Cadbury code rules are toned down for smaller companies

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THE CADBURY committee is to endorse a new corporate governance code to be published later this week by the City Group for Smaller Companies (Cisco).

The new code, aimed at listed companies with market capitalisations below pounds 250m, is to be a diluted version of the original Cadbury Code of Best Practice.

The Cisco code, The Financial Aspects of Corporate Governance: Guidance for Smaller Companies, is being published in response to complaints from small companies that the Cadbury code is too burdensome. The differences between the Cisco code and the Cadbury code include reducing the number of non-executives on a board from three to two and not requiring smaller companies to split the role of chief executive and chairman.

Cisco believes that if the Cadbury code requirements are not relaxed for smaller companies many will simply fail to comply with any of them.

The new code's author, Graham Cole, a partner in Coopers & Lybrand, said: 'It is our experience from dealing with middle market and growing companies that they have practical difficulties implementing the full Cadbury code. We want to ensure that such companies do not dismiss the idea of corporate governance altogether.'

Sir Adrian Cadbury, author of the original code, has written a forward to the Cisco code.

He says: 'It is essential to point out that this is not an alternative code. The aim is to get all companies up to scratch with the requirements of the Cadbury code.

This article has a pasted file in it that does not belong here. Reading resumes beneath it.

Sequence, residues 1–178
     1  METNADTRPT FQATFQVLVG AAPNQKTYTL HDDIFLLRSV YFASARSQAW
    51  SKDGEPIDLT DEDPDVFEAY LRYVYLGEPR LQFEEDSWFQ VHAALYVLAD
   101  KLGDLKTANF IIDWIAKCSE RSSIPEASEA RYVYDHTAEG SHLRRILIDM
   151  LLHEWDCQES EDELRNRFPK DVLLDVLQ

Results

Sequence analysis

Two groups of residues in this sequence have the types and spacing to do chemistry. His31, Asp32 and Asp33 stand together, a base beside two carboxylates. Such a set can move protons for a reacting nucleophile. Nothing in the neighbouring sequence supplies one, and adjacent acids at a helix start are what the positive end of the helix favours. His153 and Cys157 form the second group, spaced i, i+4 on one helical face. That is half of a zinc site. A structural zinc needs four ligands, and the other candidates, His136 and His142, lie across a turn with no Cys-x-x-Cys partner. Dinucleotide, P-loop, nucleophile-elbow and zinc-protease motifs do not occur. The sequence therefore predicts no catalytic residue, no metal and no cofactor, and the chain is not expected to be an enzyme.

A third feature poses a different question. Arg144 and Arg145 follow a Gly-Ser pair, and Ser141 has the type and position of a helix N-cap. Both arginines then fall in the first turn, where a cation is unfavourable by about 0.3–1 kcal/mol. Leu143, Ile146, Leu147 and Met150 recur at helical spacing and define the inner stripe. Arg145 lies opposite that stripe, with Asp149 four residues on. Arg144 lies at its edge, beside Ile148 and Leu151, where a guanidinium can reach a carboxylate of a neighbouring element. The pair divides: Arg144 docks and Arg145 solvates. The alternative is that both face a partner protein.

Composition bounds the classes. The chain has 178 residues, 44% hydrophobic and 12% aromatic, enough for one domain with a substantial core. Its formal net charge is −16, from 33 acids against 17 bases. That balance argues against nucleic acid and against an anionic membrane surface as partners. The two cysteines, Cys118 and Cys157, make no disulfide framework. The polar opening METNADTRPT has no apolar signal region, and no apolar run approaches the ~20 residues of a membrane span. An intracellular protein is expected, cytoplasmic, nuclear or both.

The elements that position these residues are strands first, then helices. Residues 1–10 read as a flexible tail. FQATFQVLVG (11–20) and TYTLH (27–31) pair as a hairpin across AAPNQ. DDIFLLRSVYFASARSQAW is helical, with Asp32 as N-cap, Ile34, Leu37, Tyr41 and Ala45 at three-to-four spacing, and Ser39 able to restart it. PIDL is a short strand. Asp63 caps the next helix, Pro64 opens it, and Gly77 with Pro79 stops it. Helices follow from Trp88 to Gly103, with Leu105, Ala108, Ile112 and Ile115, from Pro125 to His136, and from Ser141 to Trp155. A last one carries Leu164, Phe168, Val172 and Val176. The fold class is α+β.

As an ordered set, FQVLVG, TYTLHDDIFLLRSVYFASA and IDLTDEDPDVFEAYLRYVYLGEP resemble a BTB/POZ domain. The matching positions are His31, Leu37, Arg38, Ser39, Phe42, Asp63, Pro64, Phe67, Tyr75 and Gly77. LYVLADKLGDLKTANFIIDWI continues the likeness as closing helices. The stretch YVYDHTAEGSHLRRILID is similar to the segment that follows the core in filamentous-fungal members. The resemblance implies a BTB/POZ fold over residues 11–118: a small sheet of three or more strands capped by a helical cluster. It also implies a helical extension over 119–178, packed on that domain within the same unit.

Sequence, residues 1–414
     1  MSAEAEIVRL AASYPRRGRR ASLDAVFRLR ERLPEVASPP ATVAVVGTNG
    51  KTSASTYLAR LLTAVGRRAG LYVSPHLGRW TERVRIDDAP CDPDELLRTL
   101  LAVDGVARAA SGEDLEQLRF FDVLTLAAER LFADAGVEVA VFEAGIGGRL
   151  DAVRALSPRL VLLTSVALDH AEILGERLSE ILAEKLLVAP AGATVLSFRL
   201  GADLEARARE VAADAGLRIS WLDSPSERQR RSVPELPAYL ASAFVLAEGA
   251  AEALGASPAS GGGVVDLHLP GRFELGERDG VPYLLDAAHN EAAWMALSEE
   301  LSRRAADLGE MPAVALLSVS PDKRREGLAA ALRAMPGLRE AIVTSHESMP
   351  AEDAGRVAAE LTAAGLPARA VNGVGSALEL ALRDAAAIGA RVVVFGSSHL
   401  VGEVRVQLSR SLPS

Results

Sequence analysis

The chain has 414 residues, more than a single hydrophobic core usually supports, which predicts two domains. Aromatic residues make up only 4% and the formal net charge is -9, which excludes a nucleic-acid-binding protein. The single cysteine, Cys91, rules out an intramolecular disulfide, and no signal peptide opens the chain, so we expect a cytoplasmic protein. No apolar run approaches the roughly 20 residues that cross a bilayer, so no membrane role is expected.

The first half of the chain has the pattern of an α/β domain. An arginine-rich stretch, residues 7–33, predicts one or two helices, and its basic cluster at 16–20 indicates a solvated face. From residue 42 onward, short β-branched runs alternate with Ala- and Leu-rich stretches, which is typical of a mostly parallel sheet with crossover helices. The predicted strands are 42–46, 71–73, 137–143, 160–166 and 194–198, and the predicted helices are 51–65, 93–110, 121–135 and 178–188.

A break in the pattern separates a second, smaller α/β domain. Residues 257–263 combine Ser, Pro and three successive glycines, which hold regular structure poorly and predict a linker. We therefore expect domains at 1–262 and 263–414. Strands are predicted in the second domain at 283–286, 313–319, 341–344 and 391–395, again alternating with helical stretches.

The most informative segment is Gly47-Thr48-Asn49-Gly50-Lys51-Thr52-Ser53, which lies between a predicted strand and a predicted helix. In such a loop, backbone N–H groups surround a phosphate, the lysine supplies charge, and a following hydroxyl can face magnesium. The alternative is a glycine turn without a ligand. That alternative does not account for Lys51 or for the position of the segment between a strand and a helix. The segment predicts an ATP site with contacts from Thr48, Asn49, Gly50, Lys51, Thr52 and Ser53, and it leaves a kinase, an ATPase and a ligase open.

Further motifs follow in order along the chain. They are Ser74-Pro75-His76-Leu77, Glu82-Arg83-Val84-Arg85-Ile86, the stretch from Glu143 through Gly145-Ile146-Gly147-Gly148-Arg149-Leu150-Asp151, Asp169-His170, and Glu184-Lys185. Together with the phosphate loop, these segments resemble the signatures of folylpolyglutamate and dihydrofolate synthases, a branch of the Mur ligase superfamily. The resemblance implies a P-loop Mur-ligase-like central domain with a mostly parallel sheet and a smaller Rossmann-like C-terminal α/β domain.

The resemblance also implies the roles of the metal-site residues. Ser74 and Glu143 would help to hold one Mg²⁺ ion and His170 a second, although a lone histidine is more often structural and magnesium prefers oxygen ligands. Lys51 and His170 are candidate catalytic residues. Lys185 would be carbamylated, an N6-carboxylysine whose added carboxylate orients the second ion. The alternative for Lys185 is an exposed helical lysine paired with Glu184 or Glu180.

'It is better to have something like this than have companies saying to hell with it. The people whose views are the most important are the institutions. The Cadbury committee does recognise that small companies might find the code burdensome, and that small companies with small boards may think Cisco's version makes sense.'

The new code follows criticism from Tim Melville-Ross, director-general-elect of the Institute of Directors, that the Cadbury code made it difficult for directors to look after the interests of shareholders.

Sir Adrian said in response: 'His comments are based on a misconception. We say what matters is the substance of compliance, not the form. The code is not a series of rules. We have put forward some principles and it is up to boards and their shareholders to implement the detail.'